Utah football: Wilson up for challenge of playing OSU
With a curly mop of hair poking out of a baseball cap set askew on his head, Travis Wilson looks every bit the teenager he is.
Yet when it comes to Utah football, he is man enough to lead the Utes into the future. At least, that's what the Utes are betting as Wilson prepares for the biggest game of his short but promising football career.
With the Utes on a three-game skid, a bowl-appearance streak looking ever more in danger of ending and a contest against the highest-ranked opponent they've faced since 2010, the Utes have put the 18-year-old Wilson firmly in charge of an offense in desperate need of some life.
Can he deliver? You bet, says Wilson and those around him. While he might not be able to single-handedly change the Utes' fortunes against No. 8 Oregon State Saturday in Corvallis, he says he is the right man to be at the helm, baby face and inexperience be damned.
Just ask his coach.
"He is someone who has hit the ground running when he got here and through fall camp he kept improving," Utah coach Kyle Whittingham said. "He is ready, and the guys trust him."
While many observers wonder if the Utes have traded their hopes of building toward a future by sacrificing this year to play the 6-foot-6 freshman from San Clemente, Calif., Wilson says he can keep the Utes moving forward.
Wilson, who made his debut against UCLA throwing for 220 yards in the Utes' loss to the Bruins, believes he can handle the pressure and expectations that come with being a starting quarterback in the Pac-12 even if he has never experienced anything like the atmosphere he'll face Saturday. Reser Stadium will be packed and rocking, and the Beavers give up fewer than three touchdowns per game.
The closest comparison to Saturday's event was last year's high school playoffs, in which his San Clemente team lost to San Margarita 27-13 in front of about 16,000 fans at Angel Stadium in Anaheim.
Wilson, who was 12 for 15 for 168 yards with an interception in that game, will be in an atmosphere much louder and more intense on Saturday.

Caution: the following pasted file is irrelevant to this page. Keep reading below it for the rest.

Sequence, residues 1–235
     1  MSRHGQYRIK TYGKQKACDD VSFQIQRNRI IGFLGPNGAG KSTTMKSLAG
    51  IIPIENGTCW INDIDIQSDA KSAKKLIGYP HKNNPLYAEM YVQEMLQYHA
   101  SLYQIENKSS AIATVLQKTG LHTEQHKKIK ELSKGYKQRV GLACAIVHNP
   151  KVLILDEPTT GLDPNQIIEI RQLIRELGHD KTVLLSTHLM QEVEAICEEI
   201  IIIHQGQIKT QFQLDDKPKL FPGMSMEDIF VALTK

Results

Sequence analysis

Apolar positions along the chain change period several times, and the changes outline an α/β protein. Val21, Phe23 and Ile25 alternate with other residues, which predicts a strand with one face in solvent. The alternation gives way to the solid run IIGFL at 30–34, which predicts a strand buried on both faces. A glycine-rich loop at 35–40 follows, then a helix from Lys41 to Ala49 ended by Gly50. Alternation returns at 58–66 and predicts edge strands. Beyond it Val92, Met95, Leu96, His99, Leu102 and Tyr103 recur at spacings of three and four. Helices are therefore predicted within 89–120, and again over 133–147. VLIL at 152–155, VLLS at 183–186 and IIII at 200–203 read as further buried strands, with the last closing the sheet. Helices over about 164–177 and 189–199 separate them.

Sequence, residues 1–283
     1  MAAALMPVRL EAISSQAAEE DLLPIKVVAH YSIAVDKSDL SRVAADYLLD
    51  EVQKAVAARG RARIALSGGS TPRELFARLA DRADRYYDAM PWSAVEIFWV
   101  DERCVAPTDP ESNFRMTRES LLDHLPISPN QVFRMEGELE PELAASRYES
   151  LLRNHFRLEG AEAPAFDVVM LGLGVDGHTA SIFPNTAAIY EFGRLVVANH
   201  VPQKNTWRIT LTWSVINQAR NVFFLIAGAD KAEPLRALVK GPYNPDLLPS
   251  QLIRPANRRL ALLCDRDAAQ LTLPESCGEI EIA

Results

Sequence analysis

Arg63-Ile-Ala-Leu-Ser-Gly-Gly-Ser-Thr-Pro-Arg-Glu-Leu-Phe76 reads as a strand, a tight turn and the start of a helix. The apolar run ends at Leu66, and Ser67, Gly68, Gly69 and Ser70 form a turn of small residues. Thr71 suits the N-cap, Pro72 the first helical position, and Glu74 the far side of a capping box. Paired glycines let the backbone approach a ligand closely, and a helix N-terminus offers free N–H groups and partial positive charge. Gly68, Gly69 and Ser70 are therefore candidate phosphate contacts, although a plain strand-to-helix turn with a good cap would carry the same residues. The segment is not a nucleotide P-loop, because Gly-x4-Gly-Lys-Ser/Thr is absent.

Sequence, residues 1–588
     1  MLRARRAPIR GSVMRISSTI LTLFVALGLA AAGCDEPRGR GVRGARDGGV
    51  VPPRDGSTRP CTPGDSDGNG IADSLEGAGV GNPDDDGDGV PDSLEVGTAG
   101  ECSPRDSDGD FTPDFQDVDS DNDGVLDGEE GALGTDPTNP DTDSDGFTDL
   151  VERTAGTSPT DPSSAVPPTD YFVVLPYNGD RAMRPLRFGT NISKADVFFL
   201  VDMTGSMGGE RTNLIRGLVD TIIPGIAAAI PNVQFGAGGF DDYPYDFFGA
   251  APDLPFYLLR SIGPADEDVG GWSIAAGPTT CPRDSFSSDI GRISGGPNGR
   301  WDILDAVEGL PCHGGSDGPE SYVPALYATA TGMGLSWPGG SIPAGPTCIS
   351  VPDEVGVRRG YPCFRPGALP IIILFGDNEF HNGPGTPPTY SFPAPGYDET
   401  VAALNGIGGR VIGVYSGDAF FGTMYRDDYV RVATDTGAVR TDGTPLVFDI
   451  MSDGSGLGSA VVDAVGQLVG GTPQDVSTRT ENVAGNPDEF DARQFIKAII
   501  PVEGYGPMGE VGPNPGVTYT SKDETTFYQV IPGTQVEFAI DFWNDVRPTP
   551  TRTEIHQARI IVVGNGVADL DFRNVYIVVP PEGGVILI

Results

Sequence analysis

"It's definitely going to be a hostile environment," Wilson said. "I just need to stay calm and get done what needs to get done."
Everyone knows what that is on top of the Utes' to-do list. Only six of the 120 teams in the Football Subdivision rankings have an offense that is less productive than Utah's, which is averaging only 302.7 yards a game.
Adding Wilson to the lineup didn't appear to help much against the Bruins, since the Utes managed only one offensive touchdown. But Wilson and his supporters remain faithful the kid can help the Utes improve.
"He is a gamer," said his high school coach, Jaime Ortiz. "He is a guy who always put the team first, and he is excited about this opportunity. But he'll stay focused and do the best he can too."
Wilson's mother, JoMarie, isn't too worrried, either.
"Travis is pretty solid," she said. "He doesn't let things get to him, but I think it's mostly because he is confident in himself and the team. He has realized through being an athlete that he isn't alone out there. Football isn't a single sport with one player. All he can do is do his best and hope all the other players are right along with him."
So far, his teammates have been supportive especially the other quarterbacks. Whether it was starter-turned-backup Jon Hays, who gave Wilson some encouraging words as they walked off the field at the Rose Bowl together, or former quarterback Jordan Wynn, who provided some strategic advice before playing the Bruins, Wilson has his teammates' vote of confidence.
"He has done a good job," Wynn said. "I can remember my first start and the butterflies you have when you are out there. I've just told him to relax and go have fun, and that is what he has done."
Helping Wilson get more comfortable is that the Utes have finished making major changes to their offense. Wilson has said he was comfortable in the spread offense all along, but now a little familiarity has helped him settle into it, so he feels he can focus more on beating opponents, not learning the offense on the fly.
"Guys are a little bigger and a little faster than they were in high school, but nothing has overwhelmed me and made me feel uncomfortable," he said.
He is comfortable now. But he hasn't played Oregon State yet, either.
Travis Wilson is the third QB to start for the Utes this season. Here are the others and how they fared.
Player 2012 career
Jordan Wynn 1-1 14-7
Jon Hays 1-2 7-5
Travis Wilson 0-1 0-1
Travis Wilson file
• 6-foot-6, 220 pounds, Fr.
From • San Clemente, Calif.
Of note • Rated the 11th-best overall quarterback by Rivals.com as a high school senior. ... His father played football and his mother played softball for San Diego State. ... Also lettered in volleyball. ... Set school records in high school for passing yards for a career (4,320) and total offense (5,244).
Utah at No. 8 Oregon State
P Saturday, 8:30 p.m.
TV • ESPN2